1. re: Melanie Wong

                                                      Well, in my opinion Nutria is closer to Muskrat than the little Norway rats this idiotic woman who's doing her "rat-fest" is using.

                                                      While it doesn't appeal to me, there are plenty of people who find Muskrat - & Nutria - tasty.

                                                  2. I can't see eating Rats catching on in the USA, ( it's simply a mental thing I would think. Shudder at the thought) but reading this thread I was reminded of the nicely butterflied and grilled Rats I spotted some years ago at a busy market in Uthai Thani/Thailand - see picture.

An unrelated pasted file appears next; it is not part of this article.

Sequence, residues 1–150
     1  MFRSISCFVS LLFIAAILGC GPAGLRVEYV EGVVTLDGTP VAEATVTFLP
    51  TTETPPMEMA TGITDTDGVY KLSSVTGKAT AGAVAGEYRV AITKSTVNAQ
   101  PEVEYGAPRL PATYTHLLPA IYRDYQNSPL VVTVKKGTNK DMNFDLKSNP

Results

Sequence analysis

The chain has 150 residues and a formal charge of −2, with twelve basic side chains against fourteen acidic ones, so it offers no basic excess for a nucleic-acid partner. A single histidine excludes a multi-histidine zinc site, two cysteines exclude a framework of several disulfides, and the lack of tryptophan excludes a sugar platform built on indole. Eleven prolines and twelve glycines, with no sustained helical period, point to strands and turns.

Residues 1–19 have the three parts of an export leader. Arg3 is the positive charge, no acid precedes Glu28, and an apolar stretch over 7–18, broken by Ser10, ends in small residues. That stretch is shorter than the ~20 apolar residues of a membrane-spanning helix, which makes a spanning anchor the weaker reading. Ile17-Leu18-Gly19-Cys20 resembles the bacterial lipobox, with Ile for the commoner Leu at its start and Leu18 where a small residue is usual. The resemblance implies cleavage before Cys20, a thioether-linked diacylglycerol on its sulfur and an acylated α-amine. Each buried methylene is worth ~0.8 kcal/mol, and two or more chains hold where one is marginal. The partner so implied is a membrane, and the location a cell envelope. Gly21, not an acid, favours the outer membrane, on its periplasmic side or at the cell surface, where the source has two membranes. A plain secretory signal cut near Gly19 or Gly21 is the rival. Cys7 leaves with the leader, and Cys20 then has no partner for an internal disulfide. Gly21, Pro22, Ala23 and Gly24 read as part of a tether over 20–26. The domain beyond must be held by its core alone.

I couldn't get myself to try one of those, but the curried Agouti ( another rodent) I ate in Guyana was not bad at all.

                                                     
                                                    7 Replies
                                                    1. re: RUK

                                                      I have yet to see any references that they're particularly tasty, nor worth the hassle of cleaning and cooking!

                                                      1. re: sunshine842

                                                        I agree. Although those in my picture did smell yummy.

                                                        1. re: sunshine842

                                                          the mid 70's edition of the Joy of Cooking details the glands that need to be removed before cooking from muskrats, squirrels etc.